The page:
Updated February 2018
Drought conditions in the Southern Great Plains robbed pasture and range managers of forage production needed to get to the traditional winter feeding period. Thus, many are left trying to feed their way through this drought or destock to better match forage demand to forage availability. Prospects for significant early spring production of forages are not looking good. Under these extremely dry conditions, it is not recommended that producers undertake any kind of perennial pasture planting operations (seeding or sprigging) until a significant "filling" of the soil profile with moisture has occurred. Experts estimate that this would take a 6-inch or greater rainfall over multiple day events.
There are certain management practices that pasture and range professionals "preach" during times of normal rainfall and forage production. These practices are promoted because they will benefit producers in the good years and help them navigate through the more difficult years. Following are four best management practices that should be employed over pasture and range resources at all times.
This is the most critical grazing management decision in a livestock enterprise. Proper stocking rate means matching the actual stocking rate to the carrying capacity of the land. Stocking rate is the amount of grazing pressure applied to pastures from all grazing animals including cows, horses donkeys, sheep and goats, etc. The carrying capacity for a particular area is the amount of forage the land can produce, and this changes from year to year based on precipitation and prior management. Therefore, stocking rate should be adjusted each year to reflect carrying capacity. The stocking rate should not exceed a property's carrying capacity unless the gap can be economically bridged with imported forage. This is a common practice during the winter months, especially when the property is dominated by introduced pastures.
One management decision that can help a cow-calf producer get through most droughts more easily is to have implemented flexible stocking prior to the drought. That means stocking significantly below 100 percent of carrying capacity. Instead, set cow numbers at about 65 percent to 75 percent of carrying capacity. When excess forage is grown, calves can be retained after weaning through a backgrounding and yearling operation, or a stocker enterprise can be added. At the very least, flexible stocking should reduce cow herd expenses as less hay is required during the winter. In a normal or above average year, adequate to surplus forage availability going into the winter reduces or eliminates hay costs.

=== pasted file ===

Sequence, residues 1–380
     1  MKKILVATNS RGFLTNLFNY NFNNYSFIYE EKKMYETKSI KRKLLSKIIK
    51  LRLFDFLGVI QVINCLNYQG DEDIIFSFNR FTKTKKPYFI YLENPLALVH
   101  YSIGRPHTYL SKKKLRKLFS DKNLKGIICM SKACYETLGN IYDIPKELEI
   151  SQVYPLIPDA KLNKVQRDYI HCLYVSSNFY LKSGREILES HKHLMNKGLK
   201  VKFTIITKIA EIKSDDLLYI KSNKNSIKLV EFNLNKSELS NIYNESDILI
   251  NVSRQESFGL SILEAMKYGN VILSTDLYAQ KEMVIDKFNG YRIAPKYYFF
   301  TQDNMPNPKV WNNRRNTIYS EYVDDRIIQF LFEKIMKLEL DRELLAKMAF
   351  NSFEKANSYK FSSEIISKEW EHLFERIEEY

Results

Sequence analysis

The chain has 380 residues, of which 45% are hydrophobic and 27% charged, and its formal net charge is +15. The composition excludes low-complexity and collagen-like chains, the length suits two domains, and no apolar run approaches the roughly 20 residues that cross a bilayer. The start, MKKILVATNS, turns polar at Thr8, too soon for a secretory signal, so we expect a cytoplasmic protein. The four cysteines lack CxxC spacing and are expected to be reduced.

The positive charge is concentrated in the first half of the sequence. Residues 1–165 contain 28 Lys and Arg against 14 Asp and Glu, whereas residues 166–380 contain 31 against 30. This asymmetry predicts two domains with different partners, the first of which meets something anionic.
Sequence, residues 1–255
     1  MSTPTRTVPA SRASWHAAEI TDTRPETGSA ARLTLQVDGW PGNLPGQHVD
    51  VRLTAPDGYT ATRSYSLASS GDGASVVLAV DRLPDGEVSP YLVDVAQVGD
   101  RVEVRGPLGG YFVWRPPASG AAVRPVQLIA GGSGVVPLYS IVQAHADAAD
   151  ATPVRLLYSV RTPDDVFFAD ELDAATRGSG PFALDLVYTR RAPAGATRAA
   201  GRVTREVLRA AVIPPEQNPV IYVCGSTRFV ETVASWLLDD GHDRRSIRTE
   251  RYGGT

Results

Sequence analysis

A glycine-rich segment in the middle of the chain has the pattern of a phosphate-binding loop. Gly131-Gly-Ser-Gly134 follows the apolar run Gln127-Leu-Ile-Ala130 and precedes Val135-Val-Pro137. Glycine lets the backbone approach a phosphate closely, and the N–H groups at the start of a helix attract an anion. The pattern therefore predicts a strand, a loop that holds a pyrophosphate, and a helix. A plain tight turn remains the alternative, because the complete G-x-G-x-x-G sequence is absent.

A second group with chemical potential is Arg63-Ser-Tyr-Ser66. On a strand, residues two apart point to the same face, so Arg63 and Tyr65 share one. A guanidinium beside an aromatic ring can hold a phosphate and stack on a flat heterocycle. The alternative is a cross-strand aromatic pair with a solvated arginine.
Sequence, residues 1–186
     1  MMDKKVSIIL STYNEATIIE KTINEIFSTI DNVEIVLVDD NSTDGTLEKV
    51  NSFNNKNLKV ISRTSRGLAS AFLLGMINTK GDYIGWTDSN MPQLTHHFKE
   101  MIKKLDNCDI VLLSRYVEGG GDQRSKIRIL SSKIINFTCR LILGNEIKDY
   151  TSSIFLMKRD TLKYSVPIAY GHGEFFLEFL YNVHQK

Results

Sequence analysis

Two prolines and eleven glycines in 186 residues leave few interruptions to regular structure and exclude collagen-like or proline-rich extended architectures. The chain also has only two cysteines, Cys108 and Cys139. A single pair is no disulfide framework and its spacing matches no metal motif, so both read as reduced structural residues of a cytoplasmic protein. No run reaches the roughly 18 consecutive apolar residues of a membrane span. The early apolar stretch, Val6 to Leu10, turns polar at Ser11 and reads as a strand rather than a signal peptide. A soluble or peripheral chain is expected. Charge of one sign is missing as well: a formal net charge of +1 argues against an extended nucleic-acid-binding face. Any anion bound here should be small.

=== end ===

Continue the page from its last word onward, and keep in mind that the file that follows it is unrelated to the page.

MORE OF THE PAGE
Maintain grazing heights for bermudagrass above a 3-inch residual height and for native grasses above a 6-inch residual height. Stubble height management can significantly impact the water holding capacity of your land. The shorter grasses are grazed, the shallower the root systems become. This inhibits the plants' ability to obtain water that is deeper in the soil profile. It also reduces their ability to act as a water filter when it does rain. Without this filtering effect, rainfall washes sediments (soil) into our ponds, lakes, rivers and streams. Finally, adequate stubble height on grasses can affect the microclimate underneath the forage canopy. The stubble helps insulate the plants from the extreme heat that lack of moisture creates.
Opening all of the gates and abandoning planned grazing management or a rotational grazing program is akin to giving up. Stay in control of the livestock and continue to rotate them, albeit slower, through your pastures, and continue to provide periods of active rest to the plants. Active rest is allowing the plants to rest while they are growing, which is needed for recovery of plant health and vigor. If hay feeding is required, select a poorly producing, preferably introduced, grass pasture as a sacrifice pasture. Feed livestock in the sacrifice pasture instead of degrading all pastures equally. Remember: heavy culling or selling of livestock is not the same as giving up - it is a part of managing and best done proactively. In fact, strategic culling and selling of livestock may be the most economically feasible way to survive a drought.